Undeterred by a security guard and a TV reporter recording his act, a thief raided a Walgreens store in San Francisco on a bicycle, with a garbage bag in his hand full of stolen goods.
The brazen shoplifting video, shot in June, was watched by millions. Critics say this underlines how epidemic thefts at retail stores have become in the city.
It was the fifth time the thief had targeted the same Walgreens store located on Gough Street in the Hayes Valley neighborhood, police said.
On June 19, the San Francisco Police Department said it had arrested the man, identified as Jean Lugo-Romero, 40. Investigators said he was responsible for a number of thefts in the Northern and Mission districts.
Lugo-Romero faces burglary and robbery charges for the five times he stole from that particular Walgreens store, including on four consecutive days in late May, early June.
Four months later, Walgreens said it has decided to close the stores plus four others in the city in November due to the continuing issue of organized shoplifting in San Francisco.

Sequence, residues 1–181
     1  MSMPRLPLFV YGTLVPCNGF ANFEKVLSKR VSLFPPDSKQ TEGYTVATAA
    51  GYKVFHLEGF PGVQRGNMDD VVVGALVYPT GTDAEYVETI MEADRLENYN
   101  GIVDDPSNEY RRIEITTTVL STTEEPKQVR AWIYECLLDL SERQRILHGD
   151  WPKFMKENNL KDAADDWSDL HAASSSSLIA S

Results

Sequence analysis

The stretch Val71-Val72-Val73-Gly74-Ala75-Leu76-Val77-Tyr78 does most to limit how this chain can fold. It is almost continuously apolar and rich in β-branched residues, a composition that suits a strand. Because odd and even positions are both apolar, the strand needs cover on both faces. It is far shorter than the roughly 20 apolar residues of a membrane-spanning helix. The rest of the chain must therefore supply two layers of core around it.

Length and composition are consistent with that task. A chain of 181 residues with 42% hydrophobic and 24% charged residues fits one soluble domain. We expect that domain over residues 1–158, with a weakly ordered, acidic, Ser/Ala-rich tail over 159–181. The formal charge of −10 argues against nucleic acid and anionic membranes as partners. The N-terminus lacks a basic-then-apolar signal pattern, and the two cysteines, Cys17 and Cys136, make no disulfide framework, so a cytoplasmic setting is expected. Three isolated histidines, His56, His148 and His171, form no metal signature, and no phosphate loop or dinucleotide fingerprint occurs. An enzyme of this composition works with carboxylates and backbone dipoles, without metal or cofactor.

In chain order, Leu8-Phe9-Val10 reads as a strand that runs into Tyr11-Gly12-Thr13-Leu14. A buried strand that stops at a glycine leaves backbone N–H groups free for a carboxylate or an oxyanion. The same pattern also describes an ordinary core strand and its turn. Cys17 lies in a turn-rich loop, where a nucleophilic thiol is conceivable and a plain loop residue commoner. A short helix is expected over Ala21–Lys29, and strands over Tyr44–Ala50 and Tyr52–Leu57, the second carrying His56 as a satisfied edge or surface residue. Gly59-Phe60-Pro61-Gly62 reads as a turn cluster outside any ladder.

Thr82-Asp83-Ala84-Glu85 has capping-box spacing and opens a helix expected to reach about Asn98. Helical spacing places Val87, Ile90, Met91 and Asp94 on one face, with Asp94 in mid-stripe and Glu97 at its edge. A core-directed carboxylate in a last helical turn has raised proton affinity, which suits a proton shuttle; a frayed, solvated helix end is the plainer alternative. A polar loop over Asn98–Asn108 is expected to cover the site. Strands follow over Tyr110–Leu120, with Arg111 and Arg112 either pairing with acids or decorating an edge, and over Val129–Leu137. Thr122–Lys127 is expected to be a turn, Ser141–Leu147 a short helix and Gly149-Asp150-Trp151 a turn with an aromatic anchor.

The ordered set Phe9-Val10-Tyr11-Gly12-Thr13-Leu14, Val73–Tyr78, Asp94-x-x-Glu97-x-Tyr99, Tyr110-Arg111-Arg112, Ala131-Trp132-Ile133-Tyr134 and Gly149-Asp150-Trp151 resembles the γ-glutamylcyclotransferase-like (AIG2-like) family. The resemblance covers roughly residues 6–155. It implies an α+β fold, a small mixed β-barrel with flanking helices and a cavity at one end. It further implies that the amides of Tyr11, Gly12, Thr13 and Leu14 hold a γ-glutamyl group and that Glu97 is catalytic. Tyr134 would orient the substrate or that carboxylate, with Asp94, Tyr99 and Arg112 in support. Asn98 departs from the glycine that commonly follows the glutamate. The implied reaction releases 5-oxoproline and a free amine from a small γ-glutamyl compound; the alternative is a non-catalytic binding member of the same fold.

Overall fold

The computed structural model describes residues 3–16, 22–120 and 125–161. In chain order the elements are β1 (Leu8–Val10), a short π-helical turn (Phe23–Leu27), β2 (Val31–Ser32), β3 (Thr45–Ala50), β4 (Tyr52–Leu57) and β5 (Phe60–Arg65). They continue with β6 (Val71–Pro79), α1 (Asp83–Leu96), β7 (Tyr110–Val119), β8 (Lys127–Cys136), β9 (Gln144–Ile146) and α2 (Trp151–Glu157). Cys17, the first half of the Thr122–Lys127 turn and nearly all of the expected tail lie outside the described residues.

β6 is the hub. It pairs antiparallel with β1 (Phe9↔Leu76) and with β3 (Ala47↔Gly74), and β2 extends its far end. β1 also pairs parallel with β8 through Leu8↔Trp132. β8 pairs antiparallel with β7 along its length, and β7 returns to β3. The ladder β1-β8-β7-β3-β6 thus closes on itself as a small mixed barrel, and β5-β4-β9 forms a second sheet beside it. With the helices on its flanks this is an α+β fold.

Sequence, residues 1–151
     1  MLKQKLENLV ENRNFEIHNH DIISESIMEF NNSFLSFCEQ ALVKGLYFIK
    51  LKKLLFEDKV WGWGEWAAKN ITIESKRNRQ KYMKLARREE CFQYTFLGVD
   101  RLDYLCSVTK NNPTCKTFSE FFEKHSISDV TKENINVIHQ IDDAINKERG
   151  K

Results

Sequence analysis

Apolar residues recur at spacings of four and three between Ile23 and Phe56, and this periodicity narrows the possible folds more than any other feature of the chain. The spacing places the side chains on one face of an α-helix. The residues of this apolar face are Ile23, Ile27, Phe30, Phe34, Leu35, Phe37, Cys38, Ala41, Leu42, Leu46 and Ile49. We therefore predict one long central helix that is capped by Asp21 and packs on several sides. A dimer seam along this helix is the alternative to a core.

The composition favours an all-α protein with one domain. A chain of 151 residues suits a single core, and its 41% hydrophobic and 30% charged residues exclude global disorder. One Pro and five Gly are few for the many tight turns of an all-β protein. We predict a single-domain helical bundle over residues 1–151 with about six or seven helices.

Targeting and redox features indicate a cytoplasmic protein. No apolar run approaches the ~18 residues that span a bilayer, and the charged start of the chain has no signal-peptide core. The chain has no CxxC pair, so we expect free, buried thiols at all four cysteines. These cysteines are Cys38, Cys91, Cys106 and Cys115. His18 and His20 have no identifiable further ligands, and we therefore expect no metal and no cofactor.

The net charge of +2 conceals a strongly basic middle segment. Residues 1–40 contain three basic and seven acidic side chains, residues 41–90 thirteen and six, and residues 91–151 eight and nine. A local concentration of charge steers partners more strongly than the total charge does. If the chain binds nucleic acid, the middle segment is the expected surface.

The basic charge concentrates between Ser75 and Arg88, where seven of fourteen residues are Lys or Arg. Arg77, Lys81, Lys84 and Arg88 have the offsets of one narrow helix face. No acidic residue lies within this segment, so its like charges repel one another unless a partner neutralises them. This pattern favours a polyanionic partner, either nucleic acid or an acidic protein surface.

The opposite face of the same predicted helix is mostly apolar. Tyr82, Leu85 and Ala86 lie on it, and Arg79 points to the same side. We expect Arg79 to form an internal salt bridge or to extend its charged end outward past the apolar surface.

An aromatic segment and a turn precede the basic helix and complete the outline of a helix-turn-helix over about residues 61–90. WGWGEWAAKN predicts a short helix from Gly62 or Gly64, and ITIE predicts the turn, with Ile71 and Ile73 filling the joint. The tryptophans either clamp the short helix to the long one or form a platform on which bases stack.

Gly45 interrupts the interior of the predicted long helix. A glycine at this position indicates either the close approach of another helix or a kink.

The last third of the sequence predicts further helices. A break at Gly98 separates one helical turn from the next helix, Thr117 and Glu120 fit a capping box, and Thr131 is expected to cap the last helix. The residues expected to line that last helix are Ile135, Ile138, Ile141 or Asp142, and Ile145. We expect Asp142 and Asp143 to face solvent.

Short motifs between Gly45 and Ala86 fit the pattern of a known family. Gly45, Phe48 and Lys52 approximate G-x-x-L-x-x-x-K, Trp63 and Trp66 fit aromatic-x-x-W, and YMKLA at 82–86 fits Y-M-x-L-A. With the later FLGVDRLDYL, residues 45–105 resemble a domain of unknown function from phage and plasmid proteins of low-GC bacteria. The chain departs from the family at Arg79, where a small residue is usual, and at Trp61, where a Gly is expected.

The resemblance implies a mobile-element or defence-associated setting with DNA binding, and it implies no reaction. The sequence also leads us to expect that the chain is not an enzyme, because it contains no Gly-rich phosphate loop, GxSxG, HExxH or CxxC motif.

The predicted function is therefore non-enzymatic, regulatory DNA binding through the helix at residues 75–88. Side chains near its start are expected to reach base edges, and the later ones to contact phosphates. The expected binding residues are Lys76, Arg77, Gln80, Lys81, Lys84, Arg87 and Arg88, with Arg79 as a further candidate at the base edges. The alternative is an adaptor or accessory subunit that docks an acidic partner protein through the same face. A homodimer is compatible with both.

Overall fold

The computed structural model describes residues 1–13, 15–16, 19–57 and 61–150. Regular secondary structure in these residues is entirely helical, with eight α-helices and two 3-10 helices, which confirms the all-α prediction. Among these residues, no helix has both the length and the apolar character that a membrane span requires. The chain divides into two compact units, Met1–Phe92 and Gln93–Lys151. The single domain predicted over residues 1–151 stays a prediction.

‘Organized Retail Theft Challenging’
In an email to The New York Times, Phil Caruso, spokesman for Walgreens said, “Organized shoplifting has been a continuing challenge facing retailers in San Francisco. Retail theft across our stores in San Francisco are fives the average across our chain.”
Walgreens said professional thieves steal from their stores and then resell the goods through the online marketplace. According to police, most of the retail crime in the city is the handiwork of organized gangs.
In a board meeting in May, Walgreens’ representatives said the company had to close 17 stores because thefts had made doing business untenable at these stores.
With the fresh closure, Walgreens stores in the city which have shut have gone up to 22. The company has more than 50 stores in the city.
Employees working in these stores will be shifted to other locations and customers will have their prescriptions transferred to nearby stores.